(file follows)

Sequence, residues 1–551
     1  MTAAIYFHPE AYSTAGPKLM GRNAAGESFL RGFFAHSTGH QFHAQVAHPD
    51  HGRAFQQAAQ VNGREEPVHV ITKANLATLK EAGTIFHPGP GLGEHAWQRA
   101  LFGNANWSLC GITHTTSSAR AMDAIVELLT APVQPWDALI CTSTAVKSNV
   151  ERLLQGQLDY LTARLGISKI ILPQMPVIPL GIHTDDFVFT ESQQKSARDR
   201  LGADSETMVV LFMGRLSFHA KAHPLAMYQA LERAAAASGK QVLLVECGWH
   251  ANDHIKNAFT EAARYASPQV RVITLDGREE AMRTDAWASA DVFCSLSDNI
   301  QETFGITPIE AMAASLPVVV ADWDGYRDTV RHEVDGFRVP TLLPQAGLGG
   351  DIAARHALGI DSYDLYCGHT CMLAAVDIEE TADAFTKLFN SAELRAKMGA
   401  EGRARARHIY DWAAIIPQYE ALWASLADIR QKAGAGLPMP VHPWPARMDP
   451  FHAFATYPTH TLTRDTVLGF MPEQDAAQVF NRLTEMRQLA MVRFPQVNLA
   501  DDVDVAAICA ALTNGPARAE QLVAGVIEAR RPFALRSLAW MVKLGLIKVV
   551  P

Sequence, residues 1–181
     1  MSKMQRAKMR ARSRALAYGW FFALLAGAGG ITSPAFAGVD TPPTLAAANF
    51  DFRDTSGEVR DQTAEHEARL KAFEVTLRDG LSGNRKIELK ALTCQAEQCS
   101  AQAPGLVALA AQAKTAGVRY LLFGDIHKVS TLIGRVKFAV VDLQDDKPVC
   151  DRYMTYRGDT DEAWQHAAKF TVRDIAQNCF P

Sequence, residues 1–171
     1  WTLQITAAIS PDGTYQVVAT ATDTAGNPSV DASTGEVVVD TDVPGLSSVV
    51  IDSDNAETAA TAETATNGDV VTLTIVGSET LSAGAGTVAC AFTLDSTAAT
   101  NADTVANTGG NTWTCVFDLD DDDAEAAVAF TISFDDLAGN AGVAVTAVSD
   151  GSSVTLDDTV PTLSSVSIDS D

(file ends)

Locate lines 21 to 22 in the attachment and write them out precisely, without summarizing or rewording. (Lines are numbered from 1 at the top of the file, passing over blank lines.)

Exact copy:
    51  IDSDNAETAA TAETATNGDV VTLTIVGSET LSAGAGTVAC AFTLDSTAAT
   101  NADTVANTGG NTWTCVFDLD DDDAEAAVAF TISFDDLAGN AGVAVTAVSD